You’re looking at one of the last photos ever taken of James Foley.
He was a war correspondent who reported on the Syrian Civil War.
On August 19, 2014, some 44 days after being captured and taken into captivity by ISIS, he was forced to his knees at an undisclosed location in the desert. An evil man wrapped in a black turban wielded a mighty sword, lifted his instrument of death towards a gorgeous blue sky, and then thrust the blade violently downward, instantly severing off the head of an American.
James Foley was 40 years old. [READ MORE HERE]
You’re looking at a picture of Chauncey Bailey.
He was a reporter for The Oakland Post, who regularly covered events within the African-American community. Bailey was highly-respected by peers and readers alike for his tireless work ethic. He was particularly adept at uncovering local corruption and was then working on a story that was particularly sensitive to people known for violence.
On August 2, 2007, Bailey was walking from his apartment to work, just as he did every morning. While strolling up 14th Street, a lone gunman wearing black clothing and a ski mask approached Bailey and blasted three bullets into his body, which killed the journalist instantly.
Chauncey Bailey was 57. [READ MORE HERE]
You’re looking at a photo of Cynthia Elbaum.
She was a correspondent with Time magazine assigned to the war in Chechnya.
Elbaum worked as a photojournalist. She captured the horrors of that terrible failed war for independence in the breakaway state of Chechnya. Elbaum was particularly remarkable for her courage, not just a willingness to risk her life in one of the world’s most dangerous regions, but also because she was one of the few female journalists daily in the line of fire.
She paid the ultimate price to bring us news, sending back images that most of us barely gave a glance at, perhaps only for a few fleeting seconds while parsing through an old issue of Time while waiting in a doctor’s office. We don’t think much of the dangers and sacrifices it took to bring us the things we read and see. We’re oblivious to those risks taken by the brave.
Cynthia Elbaum was 28. [READ MORE HERE]
You’re looking at a picture of Michael Kelly.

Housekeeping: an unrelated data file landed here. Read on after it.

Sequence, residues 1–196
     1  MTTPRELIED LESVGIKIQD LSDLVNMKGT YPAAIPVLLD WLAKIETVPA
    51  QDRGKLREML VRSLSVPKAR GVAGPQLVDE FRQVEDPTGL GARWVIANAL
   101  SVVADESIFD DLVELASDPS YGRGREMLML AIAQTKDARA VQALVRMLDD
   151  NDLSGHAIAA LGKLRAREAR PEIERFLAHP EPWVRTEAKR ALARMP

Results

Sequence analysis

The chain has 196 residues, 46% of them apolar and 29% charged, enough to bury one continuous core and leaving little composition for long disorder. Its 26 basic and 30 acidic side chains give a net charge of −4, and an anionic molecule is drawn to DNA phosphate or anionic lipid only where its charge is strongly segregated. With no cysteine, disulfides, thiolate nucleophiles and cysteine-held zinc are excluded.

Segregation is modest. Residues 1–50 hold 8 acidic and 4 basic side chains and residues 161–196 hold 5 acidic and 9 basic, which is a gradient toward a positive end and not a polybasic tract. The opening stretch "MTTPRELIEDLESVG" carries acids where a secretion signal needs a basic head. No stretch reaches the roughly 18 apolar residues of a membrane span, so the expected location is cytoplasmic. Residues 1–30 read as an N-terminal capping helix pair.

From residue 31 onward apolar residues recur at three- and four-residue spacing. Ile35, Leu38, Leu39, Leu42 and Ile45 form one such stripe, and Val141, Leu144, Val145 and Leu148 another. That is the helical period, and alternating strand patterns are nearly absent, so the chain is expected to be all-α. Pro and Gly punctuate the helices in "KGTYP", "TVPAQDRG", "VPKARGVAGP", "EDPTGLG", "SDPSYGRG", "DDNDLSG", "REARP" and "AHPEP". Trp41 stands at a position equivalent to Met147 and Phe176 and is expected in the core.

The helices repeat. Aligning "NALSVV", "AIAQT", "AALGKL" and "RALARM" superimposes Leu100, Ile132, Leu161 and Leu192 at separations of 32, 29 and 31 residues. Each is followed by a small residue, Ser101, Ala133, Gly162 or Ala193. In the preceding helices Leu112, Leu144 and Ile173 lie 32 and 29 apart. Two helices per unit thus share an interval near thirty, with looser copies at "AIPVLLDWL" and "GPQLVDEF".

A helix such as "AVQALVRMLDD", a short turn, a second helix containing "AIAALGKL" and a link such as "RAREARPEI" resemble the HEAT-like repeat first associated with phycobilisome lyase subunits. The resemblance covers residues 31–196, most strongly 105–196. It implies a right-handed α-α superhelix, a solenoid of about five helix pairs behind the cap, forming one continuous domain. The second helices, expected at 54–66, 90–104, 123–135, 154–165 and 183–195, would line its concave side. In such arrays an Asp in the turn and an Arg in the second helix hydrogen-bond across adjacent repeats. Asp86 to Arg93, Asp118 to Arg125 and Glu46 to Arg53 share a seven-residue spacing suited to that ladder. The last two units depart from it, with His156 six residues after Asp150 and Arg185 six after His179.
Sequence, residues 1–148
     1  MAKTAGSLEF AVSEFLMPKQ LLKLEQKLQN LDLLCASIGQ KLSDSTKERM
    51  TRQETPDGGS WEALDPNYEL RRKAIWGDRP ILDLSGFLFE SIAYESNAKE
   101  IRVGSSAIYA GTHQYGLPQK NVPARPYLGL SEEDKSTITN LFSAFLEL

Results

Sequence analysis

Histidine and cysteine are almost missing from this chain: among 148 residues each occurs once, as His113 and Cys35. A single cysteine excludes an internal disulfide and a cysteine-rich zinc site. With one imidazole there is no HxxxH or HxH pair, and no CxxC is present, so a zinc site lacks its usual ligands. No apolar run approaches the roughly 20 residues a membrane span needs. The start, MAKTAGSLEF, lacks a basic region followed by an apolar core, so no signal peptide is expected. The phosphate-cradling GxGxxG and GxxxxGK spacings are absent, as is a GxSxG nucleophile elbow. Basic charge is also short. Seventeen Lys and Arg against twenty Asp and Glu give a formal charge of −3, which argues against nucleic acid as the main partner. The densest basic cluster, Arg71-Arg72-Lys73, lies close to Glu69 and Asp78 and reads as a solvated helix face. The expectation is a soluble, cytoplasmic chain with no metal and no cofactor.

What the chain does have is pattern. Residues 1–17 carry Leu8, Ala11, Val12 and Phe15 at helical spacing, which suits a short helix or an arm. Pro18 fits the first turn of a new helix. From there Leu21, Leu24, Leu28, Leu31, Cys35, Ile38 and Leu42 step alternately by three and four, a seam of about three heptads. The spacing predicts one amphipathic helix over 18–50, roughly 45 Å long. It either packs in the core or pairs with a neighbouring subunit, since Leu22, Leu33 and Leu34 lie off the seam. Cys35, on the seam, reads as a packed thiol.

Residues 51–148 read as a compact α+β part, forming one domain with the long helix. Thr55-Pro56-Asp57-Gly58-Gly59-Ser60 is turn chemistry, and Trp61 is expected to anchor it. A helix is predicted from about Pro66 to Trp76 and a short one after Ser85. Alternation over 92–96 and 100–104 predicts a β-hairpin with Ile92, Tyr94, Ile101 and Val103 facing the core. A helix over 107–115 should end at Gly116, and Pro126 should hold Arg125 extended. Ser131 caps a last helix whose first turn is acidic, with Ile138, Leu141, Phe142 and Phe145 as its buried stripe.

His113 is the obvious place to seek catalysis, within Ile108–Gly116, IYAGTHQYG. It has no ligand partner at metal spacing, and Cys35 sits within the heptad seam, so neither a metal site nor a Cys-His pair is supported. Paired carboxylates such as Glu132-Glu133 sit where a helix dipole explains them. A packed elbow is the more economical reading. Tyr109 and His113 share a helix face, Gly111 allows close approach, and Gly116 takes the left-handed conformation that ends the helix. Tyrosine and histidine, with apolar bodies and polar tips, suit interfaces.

He wrote from The Washington Post and The New York Times.
On April 3, 2003, Kelly was traveling in a Humvee along with American troops dispatched to a war zone in Iraq. The vehicle hit a land mine, and exploded into flames, killing everyone trapped inside — including Kelly. Thus, he became the first journalist who was killed in Iraq.
Michael Kelly was 46. He left behind a wife and two children. [READ MORE HERE]
You’re looking at the wall of the Newseum’s Journalists Memorial, in Washington, DC. This is just a partial collection of members of the media who have been killed doing their jobs.
Indeed, this could be a much longer article. In fact, it could stretch on and on with hundreds of thousands of words. In all, a total of 2,291 writers, journalists, photographers, cameramen, and other members of the media have been killed in the line of duty.
Two-thousand, two-hundred,, ninety-one. Let that figure sink in.
The 2,291 gave their lives largely out of insatiable curiosities to which we — the readers and viewers — were the ungrateful beneficiaries. Rarely thanked, but so often criticized, they trekked into zones where others dared not to travel. They asked questions others dared not to ask. They took photo and video of events that were not supposed to be seen.
The least one might expect for this work and those who do their best follow in their hollowed footsteps is — a little respect.
You’re looking at the screen shot of the tweet that was sent out yesterday by the President of the United States.
He called the mainstream news media, “the enemy of the American People!”
I have received a fair amount of criticism lately for my harsh words and many of the brutal things I’ve said about President Trump. I recognize that my actions and use of language is not suited for all tastes. However, as a regular consumer of daily news and someone who has known and worked with a great many dedicated members of the media, I can’t help but be profoundly disturbed by the events I’m witnessing. I can’t help but get emotional about such a grotesque lack of respect and dignity, by the President, no less.
Where’s your outrage? Where’s your sense of decency?